The 2019 NFL free-agency period doesn't officially begin until 4 p.m. ET on Wednesday, but the window to negotiate started on Monday, which saw a flurry of major signings reported. Plenty of talented players are still available, including Adrian Peterson, who showed he can still shoulder the load as a lead running back with Washington in 2018.
According to NFL Network's Tom Pelissero, Washington is keen on bringing back the 33-year-old, but Peterson is going to see what he can command on the open market:
Monday came and went with hardly a whisper on a potential landing spot. Other than Pelissero's brief update on Washington's interests, the Chicago Bears remain the only other team seriously linked to Peterson. NFL Network's Mike Garafolo generated that buzz Friday, detailing his line of thinking:
Mike Garafolo @MikeGarafolo
Tracking Adrian Peterson’s situation, if he doesn’t stay in Washington, I would mark the #Bears as a potential team to watch. Depending on what happens with Jordan Howard and the RB market, of course. Brad Childress is close with Matt Nagy. A thought for down the line, anyway...
Running backs, even ones as talented and proven as Peterson, have a very short window in which they can command big salaries or ignite a bidding war. Once they hit 29-30 years old, it can be very difficult for them to generate significant interest from teams unless they are willing to take a big pay cut and/or sign one- or two-year deals.
Peterson is well beyond that age but proved he can still be an effective player in 2018. He rushed for 1,042 yards and seven touchdowns on 4.2 yards per carry. It was the first time he topped 1,000 yards and 4.0 yards per carry since 2015 when he was with the Minnesota Vikings.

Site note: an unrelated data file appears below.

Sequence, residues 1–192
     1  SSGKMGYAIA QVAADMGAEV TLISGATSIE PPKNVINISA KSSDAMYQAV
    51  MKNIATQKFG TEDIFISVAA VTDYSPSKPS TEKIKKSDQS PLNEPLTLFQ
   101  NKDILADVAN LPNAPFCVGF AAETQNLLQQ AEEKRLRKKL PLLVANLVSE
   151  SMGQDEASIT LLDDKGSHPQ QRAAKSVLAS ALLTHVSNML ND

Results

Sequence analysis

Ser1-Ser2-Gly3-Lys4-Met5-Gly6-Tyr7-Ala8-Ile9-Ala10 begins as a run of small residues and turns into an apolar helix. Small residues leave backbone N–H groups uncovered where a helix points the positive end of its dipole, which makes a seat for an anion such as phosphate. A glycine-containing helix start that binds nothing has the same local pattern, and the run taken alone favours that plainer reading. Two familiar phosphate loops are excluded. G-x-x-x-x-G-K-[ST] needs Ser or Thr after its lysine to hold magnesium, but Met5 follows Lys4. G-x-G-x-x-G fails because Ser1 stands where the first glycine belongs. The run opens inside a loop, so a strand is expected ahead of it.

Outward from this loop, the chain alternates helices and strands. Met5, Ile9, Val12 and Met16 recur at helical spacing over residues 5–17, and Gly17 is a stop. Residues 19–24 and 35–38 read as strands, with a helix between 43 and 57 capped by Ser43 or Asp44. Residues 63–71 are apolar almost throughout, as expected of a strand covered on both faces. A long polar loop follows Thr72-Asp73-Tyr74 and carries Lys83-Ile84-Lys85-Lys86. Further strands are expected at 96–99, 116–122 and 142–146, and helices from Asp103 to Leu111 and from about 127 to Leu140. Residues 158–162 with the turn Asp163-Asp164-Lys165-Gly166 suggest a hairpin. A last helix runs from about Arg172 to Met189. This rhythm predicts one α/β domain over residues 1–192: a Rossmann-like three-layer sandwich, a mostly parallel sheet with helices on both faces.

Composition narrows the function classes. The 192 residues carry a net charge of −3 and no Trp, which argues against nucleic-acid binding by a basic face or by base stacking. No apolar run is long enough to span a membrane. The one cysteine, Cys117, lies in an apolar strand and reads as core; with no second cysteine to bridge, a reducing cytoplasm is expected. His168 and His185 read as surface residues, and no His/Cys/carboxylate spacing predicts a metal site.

Pro Football Focus digs a little deeper, showing he excelled at ripping off big plays and getting yards after contact:
Peterson put up these numbers on a veteran's minimum one-year contract worth just over $1 million contract. Considering 35-year-old wonder Frank Gore (722 rushing yards in 2018), signed a $2 million deal with the Buffalo Bills on Monday, per ESPN's Adam Schefter, Peterson must be thinking he can at the very least get Washington to shell out more cash this year by making them sweat a bit.
Washington would be taking a gamble by letting Peterson walk. The team's 2018 second-round pick, running back Derrius Guice, missed all of his rookie campaign with a torn ACL. He's a talented prospect, but Washington needs more insurance in the running game.
As for the Bears, they agreed to a deal with running back Mike Davis on Monday, per NFL Network's Ian Rapoport. This doesn't necessarily rule out Peterson, as Davis is a complementary back likely to be used as a passing option and to give guys a breather. And yet, Davis makes for a decent complement to Jordan Howard and Tarik Cohen if the Bears are done tinkering.
Garafolo did suggest Howard would have to move if the Bears want to go after Peterson, but if Peterson wants Gore-type money, it wouldn't make much sense for the Bears to replace the 24-year-old Howard with a running back at the same price and nine years older. Howard has a cap hit just over $2 million for 2019, per Spotrac.
There's also the fact that Peterson isn't necessarily first in line in the free-agent market at tailback. Le'Veon Bell, Tevin Coleman and Mark Ingram are also looking for new teams in 2019, and most teams would likely take a look at those guys before Peterson.
Unless there's a sudden surge in interest or a surprise suitor, it seems likely Peterson will return to Washington at a higher salary than the one he commanded in August of 2018.